(Fr.) Fr. (1838)
|gills on hymenium|
|cap is convex|
hymenium is decurrentor adnate
|stipe is bare|
|spore print is cream|
|ecology is mycorrhizal|
Lactarius blennius (commonly known as the Slimy Milkcap or Beech Milkcap) is a medium-sized mushroom of the genus Lactarius found commonly in beech forests in Europe, where it is mycorrhizal, favouring the European Beech (though associations with other trees are known). It was first described by Elias Magnus Fries. Though its colour and size vary, it is distinctive because it is slimy when wet and exudes copious amounts of milk. It has been the subject of some chemical research, and it can be used to produce pigments and blennins. Blennins, some of which have shown potential medical application, are derived from lactarane, a chemical so named because of their association with Lactarius. The edibility of L. blennius is uncertain, with different mycologists suggesting that it is edible (though not recommended), inedible or even poisonous.
Taxonomy and naming
Lactarius blennius was first described by Swedish mycologist Elias Magnus Fries as Agaricus blennius in 1815, before being given its current binomial name by the same author in 1838. Within the genus Lactarius, it is closely related to Lactarius cinereus, another Lactarius species that also favours beech. It has been suggested that the two species (forming a group) could have a coevolutionary pathway with beech. The specific epithet is derived from a Latin adjective blennius, meaning "slimy". Lactarius mushrooms are commonly known as milkcaps, and L. blennius is known as the Slimy Milkcap or the Beech Milkcap.
Lactarius blennius is synonymous with Agaricus blennius (the name under which Fries first described the species in 1815) and Agaricus viridis, a name given earlier by Heinrich Schrader, in 1794. Galorrheus blennius (a name proposed in 1871 by Paul Kummer), Lactarius viridis (proposed in 1888 by Lucien Quélet) and Lactifluus blennius (proposed by Otto Kuntze in 1891) are also now recognised as synonyms. Lactarius albidopallens was originally described as a form of L. blennius as Lactarius blennius f. albidopallens by Jakob Emanuel Lange in 1928, before being classified as a separate species by J. Blum. Lange also described Lactarius blennius f. virescens, which is now recognised as nomen invalidum (an invalid name). Lactarius fluens is another species that has been included in L. blennius; originally described in 1899 by Jean Louis Émile Boudier, in 1999, German Joseph Krieglsteiner suggested that it is actually a variety of L. blennius, naming it Lactarius blennius var. fluens. The situation with Lactarius viridis is similar; first described as a separate species by Quélet in 1888, A. Marchand proposed that it is in fact a variety of L. blennius, naming it Lactarius blennius var. viridis.
Lactarius blennius has a flattened convex cap that is 4–10 cm (1.6–4 in) across that later becomes depressed in the centre. In colour, it is pale olive to a greenish grey, sometimes a dull green or pale grey-sepia, and has blotches of darker colouration in concentric bands, though the colour can vary greatly. Heavily spotted specimens are also known, and a very brown specimen similar to Lactarius circellatus was recorded in Scotland. The cap is very slimy when moist and has a margin that is curved inwards. The stem is a paler colour than the cap, but also very slimy, and measures from 4–5 cm (1.6–2 in) tall by 1–1.7 cm (0.4–0.7 in) thick, tapering a little towards the bottom. The flesh is whitish, similar in colour to the gills, which later become a creamy or pale buff colour. The gills turn a brownish-grey colour when wounded, and are crowded. In shape, they are slightly decurrent or adnate, meaning that they run a small way down the stem in attachment, or that they are attached to the stem by the whole depth of the gills. The milk is white and dries grey, and is very plentiful. L. blennius spores leave a creamy print, and are elliptic with low warts joined by ridges with a small number of cross-connections, measuring from 6–9 by 5.5–7 µm.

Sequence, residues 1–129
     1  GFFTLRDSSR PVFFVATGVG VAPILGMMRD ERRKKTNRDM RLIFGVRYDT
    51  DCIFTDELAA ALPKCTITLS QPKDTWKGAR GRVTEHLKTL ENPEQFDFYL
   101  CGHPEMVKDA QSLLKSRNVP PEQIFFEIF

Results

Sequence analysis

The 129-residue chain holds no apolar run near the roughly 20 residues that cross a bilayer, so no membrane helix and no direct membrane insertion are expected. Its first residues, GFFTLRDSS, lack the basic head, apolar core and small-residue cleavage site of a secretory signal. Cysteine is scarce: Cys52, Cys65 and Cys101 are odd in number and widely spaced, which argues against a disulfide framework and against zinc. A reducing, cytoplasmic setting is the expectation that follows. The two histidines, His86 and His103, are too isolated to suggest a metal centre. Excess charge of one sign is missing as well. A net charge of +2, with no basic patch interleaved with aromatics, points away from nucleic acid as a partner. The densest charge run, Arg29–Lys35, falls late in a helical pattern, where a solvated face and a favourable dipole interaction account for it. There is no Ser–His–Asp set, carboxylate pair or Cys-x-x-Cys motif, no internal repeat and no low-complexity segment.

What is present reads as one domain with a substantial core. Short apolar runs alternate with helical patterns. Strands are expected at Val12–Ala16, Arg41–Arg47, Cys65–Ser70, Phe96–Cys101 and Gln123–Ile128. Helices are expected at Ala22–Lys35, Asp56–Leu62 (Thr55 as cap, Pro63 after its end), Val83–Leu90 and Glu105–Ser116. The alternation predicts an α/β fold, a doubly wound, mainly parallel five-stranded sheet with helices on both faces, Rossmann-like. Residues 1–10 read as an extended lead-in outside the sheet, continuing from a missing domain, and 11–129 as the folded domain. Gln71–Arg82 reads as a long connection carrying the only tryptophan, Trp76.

Distribution, habitat and ecology
Lactarius blennius is very common and is found in broad-leaved woodland, favouring beech; it is most associated with Fagus sylvatica, the European Beech, though it has also been observed growing in association with species of oak. It forms an ectomycorrhizal association with trees, and can grow on a wide variety of subsoil types, but is more typical of acidic soil. It is found between late summer and late autumn, and is native to Europe. The distribution of the mushroom coincides with the distribution of beech. In the British Isles, the species is one of the one hundred most common mushrooms. Other areas in which it has been recorded include Sweden, France, Italy, and Poland.
Mycologist Roger Phillips claims that L. blennius is edible when cooked, but not recommended, while others describe it as inedible or even poisonous. The milk tastes very hot and acrid.
L. blennius has been the subject of some research in chemistry. Lactarane derivatives (known as "blennins") have been acquired from the mushroom, including the lactone blennin D, and blennin A, which was first isolated from this species. Lactaranes are chemicals so named because of their occurrence in Lactarius species. Blennins have been shown to be potentially useful- blennin A, for instance (a lactarane-type sesquiterpene) has been shown to be an anti-inflammatory, having a strong inhibitative affect against leukotriene C4 biosynthesis. L. blennius can also be refined to create a green pigment, known as blennione.
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